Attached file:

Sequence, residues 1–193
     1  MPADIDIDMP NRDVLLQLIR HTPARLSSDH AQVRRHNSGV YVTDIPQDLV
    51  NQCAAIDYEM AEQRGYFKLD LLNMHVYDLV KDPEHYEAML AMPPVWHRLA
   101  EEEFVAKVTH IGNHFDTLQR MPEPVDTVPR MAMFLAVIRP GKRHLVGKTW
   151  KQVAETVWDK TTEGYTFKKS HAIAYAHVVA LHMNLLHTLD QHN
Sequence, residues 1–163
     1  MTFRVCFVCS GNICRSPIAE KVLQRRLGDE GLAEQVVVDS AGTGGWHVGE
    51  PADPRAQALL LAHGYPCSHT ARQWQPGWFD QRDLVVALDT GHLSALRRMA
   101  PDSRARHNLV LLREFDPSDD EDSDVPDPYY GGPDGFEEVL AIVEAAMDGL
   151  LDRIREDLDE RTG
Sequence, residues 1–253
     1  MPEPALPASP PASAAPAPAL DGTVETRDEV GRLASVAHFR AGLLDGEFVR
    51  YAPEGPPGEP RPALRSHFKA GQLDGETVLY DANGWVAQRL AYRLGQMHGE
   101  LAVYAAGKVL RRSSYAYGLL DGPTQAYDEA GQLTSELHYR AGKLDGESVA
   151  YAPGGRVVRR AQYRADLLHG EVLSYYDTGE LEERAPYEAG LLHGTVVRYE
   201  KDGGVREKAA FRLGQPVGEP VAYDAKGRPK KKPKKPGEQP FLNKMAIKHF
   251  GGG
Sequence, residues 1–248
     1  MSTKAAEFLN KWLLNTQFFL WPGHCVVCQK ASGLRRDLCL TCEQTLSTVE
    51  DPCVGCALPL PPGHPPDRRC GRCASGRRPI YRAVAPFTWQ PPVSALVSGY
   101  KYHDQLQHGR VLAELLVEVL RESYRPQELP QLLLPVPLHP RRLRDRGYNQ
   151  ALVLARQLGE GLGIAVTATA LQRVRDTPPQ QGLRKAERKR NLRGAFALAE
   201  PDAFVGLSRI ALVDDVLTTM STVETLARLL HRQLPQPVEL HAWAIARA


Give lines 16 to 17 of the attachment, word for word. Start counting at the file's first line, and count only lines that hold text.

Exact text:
   201  KDGGVREKAA FRLGQPVGEP VAYDAKGRPK KKPKKPGEQP FLNKMAIKHF
   251  GGG